There is a steep set of stairs leading to the trail head with slightly over-sized steps, so if this or the 40 minute hike would be a problem, consider the daily panga ride transfers that leave from the Puerto Ayora dock in the mornings. Check with the Visitor Information Center for details of the timing and returns which cost $10 per person each way.

Playa Brava y Playa Mansa

There are two beaches once you reach the end of the trail. The one right in front of you, Playa Brava, is not safe for swimming due to the currents, but you are likely to see marine iguanas and surfers braving the waves side-by-side here. There are several areas of volcanic rock along the beach where we spotted numerous marine iguanas, sea lions and even a lava gull.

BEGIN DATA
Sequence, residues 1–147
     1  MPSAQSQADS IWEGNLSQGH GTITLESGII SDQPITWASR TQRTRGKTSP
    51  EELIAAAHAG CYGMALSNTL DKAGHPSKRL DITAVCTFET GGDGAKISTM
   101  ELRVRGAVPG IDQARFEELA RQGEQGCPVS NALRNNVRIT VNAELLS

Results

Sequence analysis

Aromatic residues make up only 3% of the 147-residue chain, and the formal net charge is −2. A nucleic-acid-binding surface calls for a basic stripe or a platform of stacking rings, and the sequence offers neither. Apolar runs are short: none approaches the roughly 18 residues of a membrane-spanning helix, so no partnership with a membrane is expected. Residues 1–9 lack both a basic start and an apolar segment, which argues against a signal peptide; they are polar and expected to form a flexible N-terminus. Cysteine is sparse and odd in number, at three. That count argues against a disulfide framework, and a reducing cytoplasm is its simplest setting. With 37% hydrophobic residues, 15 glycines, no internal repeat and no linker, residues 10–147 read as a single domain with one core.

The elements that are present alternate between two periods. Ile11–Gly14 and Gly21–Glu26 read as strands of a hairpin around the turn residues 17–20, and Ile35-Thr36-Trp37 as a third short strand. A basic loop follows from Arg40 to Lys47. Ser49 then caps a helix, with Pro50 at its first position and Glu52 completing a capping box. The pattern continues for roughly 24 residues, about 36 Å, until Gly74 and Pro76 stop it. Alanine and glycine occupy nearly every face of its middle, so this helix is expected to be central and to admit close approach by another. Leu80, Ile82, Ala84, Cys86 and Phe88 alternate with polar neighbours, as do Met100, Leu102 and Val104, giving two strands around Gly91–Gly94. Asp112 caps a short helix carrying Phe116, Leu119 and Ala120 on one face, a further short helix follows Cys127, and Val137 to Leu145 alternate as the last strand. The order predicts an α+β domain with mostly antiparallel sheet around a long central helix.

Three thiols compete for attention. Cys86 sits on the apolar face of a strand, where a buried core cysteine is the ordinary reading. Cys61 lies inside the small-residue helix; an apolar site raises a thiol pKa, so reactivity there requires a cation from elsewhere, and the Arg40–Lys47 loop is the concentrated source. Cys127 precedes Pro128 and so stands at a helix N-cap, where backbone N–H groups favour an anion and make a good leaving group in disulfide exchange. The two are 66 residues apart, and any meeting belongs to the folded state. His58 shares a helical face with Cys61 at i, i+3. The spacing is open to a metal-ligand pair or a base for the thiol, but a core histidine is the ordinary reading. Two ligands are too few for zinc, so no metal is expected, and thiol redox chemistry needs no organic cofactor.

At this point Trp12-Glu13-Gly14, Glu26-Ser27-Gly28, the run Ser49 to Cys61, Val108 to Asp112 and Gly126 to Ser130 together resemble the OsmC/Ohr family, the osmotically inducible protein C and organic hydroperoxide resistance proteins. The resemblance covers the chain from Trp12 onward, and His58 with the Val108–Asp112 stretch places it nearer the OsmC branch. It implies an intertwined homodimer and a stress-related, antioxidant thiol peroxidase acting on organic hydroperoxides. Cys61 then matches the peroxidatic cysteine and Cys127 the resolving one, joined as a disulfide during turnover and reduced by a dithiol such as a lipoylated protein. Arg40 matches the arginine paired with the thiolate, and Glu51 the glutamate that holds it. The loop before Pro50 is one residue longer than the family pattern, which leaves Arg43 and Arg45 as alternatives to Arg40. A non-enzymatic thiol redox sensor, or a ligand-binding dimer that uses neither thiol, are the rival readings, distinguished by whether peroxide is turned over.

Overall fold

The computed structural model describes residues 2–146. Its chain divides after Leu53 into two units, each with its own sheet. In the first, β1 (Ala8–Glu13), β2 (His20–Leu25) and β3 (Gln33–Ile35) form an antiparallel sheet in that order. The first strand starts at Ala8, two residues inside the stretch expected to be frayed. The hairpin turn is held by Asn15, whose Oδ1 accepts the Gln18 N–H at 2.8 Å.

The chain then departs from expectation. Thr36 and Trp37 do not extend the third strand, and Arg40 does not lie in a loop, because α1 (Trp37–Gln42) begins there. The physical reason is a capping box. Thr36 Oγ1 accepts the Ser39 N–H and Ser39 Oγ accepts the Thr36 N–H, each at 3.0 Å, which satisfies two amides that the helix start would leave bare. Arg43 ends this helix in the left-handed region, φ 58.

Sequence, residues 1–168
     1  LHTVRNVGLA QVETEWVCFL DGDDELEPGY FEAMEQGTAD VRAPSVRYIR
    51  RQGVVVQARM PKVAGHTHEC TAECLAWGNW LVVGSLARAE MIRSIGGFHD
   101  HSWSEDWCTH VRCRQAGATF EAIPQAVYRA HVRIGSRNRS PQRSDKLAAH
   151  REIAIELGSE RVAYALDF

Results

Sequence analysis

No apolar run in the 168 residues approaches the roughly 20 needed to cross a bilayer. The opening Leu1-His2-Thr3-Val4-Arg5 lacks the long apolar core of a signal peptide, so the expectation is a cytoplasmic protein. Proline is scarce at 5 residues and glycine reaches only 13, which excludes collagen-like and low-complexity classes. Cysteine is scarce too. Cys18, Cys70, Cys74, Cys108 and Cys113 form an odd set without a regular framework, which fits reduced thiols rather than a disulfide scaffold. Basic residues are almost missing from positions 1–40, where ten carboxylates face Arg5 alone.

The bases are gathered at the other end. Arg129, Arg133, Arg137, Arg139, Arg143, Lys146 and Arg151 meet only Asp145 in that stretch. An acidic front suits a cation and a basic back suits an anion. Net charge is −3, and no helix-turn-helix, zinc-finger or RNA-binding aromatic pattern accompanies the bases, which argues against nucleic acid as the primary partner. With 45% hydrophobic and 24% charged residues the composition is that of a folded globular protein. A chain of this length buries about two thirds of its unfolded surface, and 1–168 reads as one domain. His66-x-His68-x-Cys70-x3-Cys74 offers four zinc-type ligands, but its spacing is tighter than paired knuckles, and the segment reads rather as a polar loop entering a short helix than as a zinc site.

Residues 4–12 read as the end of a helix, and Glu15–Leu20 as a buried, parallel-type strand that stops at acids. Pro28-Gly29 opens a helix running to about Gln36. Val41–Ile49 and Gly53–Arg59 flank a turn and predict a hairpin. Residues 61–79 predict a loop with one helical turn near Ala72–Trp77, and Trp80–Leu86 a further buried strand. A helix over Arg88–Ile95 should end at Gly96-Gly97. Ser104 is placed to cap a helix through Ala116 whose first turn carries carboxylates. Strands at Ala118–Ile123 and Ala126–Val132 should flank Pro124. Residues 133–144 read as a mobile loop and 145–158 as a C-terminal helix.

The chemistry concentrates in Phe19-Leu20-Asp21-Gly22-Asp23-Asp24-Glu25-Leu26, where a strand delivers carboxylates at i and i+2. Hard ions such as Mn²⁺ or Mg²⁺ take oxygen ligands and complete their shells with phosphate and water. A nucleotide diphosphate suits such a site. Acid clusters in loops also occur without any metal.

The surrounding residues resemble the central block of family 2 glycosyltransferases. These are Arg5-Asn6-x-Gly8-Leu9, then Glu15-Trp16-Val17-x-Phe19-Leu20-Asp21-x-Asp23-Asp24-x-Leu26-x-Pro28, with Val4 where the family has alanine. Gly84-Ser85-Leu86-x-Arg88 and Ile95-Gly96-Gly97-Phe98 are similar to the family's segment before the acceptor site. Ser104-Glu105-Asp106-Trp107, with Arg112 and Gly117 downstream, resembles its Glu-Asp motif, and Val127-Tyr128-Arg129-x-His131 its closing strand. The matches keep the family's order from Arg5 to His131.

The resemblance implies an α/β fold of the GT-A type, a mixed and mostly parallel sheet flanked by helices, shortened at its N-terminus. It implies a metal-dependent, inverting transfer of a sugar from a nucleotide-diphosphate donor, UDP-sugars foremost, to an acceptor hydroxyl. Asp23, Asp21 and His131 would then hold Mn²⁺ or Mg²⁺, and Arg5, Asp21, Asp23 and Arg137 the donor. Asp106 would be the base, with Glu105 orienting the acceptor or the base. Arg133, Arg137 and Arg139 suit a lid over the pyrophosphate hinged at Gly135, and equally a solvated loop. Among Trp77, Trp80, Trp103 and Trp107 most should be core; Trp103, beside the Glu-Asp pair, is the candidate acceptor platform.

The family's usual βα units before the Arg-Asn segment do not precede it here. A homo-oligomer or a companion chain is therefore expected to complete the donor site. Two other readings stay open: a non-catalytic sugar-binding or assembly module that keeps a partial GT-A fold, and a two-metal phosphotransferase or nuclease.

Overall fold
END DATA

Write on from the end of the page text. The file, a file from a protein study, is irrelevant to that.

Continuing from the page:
As you continue along Playa Brava, you will see a series of tide pools on your left as you approach the mangroves which are great for hopping in with your snorkel. The water is brisk, but the clarity is great and numerous fish and marine creatures can be seen easily in these pools. We saw a great blue heron snatch a tiger snake eel out of this pool and fight with his lunch on the rocks right off of Playa Brava during our visit in 2016. This is also a great chance to see marine iguanas make their way through the surf and the sand, as opposed to the warmer volcanic rock you see them on more commonly.